A Collaborative Variable Star Observing Project

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Transcript A Collaborative Variable Star Observing Project

A Collaborative Variable
Star Observing Project
for Introductory
R. Carey Woodward, Jr.
University of Wisconsin—Fond du Lac
Astronomy students should observe
something in the sky…
 …preferably something that changes.
 Usual choices—Sun, Moon, planets—not
suitable for 2nd semester (stars & galaxies).
 Sunspot sketches? Not many sunspots this
solar cycle.
 Most stars constant…but not all.
Variable stars
Usually covered mid-semester.
 Several types; many periods.
 Period and type can be identified by light
curve: plot of brightness over time.
Eclipsing binary
Late-stage unstable stars
Cepheid: high mass; period > 1 day.
 RR Lyrae: medium mass; period < 1 day.
 Both have same light curve shape.
Some change in timescale that fits in a
semester (hours or days).
 Some are naked-eye objects.
 Determining type and period challenging
but reasonable for intro astronomy.
Drawbacks and solutions
Many observations needed.
– Pool all class observations.
– Adds collaborative element to project.
Students could “google” star.
– Never mention star’s name!
– Choose star near others to defeat smartphone
The project: First year
Observations start after variable stars
covered; end week before end of class.
 Students given finder chart and
instructions to find star.
 “Field trips” after 2-3 classes to point out
star with laser pointer.
 Students estimate magnitude by
comparison with nearby stars.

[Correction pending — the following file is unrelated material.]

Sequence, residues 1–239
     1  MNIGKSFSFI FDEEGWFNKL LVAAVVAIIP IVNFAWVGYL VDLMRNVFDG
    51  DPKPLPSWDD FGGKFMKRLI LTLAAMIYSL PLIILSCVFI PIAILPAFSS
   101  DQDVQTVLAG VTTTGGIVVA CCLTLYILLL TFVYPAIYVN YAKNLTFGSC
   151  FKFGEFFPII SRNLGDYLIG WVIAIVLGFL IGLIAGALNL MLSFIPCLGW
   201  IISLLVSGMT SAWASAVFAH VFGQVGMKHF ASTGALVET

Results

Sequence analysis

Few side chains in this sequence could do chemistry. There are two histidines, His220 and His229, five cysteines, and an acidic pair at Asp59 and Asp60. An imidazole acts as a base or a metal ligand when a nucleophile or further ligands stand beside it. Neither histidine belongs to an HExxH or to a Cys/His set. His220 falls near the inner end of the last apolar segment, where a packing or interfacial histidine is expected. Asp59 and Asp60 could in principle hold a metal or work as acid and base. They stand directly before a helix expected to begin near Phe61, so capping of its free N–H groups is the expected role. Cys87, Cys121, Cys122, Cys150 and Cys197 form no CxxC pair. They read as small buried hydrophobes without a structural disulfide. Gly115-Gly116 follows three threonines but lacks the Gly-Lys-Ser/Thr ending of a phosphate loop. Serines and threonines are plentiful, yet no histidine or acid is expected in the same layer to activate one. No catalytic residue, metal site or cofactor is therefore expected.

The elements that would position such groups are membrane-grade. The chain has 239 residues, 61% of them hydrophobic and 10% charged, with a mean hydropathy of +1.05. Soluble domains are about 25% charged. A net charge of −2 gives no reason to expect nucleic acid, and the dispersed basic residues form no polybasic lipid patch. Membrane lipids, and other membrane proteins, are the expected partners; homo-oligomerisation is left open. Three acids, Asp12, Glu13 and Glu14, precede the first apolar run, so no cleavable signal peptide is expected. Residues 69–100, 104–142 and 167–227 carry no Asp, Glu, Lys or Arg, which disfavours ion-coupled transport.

Finder/estimator chart
The project: First year (cont’d)
Students e-mail me observations in
spreadsheet (CSV) I supply.
 I consolidate all data in Excel spreadsheet,
adding light curve and adjustable phase
 Students determine which data are good,
what type of star it is, and its period.
 Short written report (results and
justification) due at final exam time.
First year light curve
Nobody got it, except by chance (or cheating)!
The project: Second year
Starts earlier (after magnitude system
covered in class).
Each observation entered in one-shot
“survey” in Desire2Learn:
1. Date, time, and location of observation
2. Magnitude (to nearest tenth)
3. Comments (seeing, etc.)
Must be entered within 24 hours!
The project: Second year (cont’d)
Three observation deadlines throughout
semester (for five required observations).
 Observations graded and feedback posted
(in D2L gradebook) after each deadline.
– Includes correct magnitude range for that
I monitor data, make observations myself
at key times if necessary.
 Deadlines flexed if/as weather dictates.
The project: Second year (cont’d)
I edit observations, consolidate good ones, post
data as before.
The project: Second year (cont’d)
Final report in (editable) survey in D2L:
What is the period?
How did you determine the period?
What is the uncertainty in the period?
What is the type of variable star?
How did you determine the type?
Grade is 70% observation, 30% analysis
(with more detailed breakdown given)
Only 64% did the analysis!
 Of those, 68% correctly determined the type…
 …and 35% found a correct or plausible period.
Variable star observing project works, but
requires frequent feedback and editing of
class data (and decent weather).
 I will probably do this again, but will…
– Start earlier and add another 1-2 observations
– Give range of possible periods
– Count analysis more and/or give 0 if omitted
– Probably pre-empt for strong solar max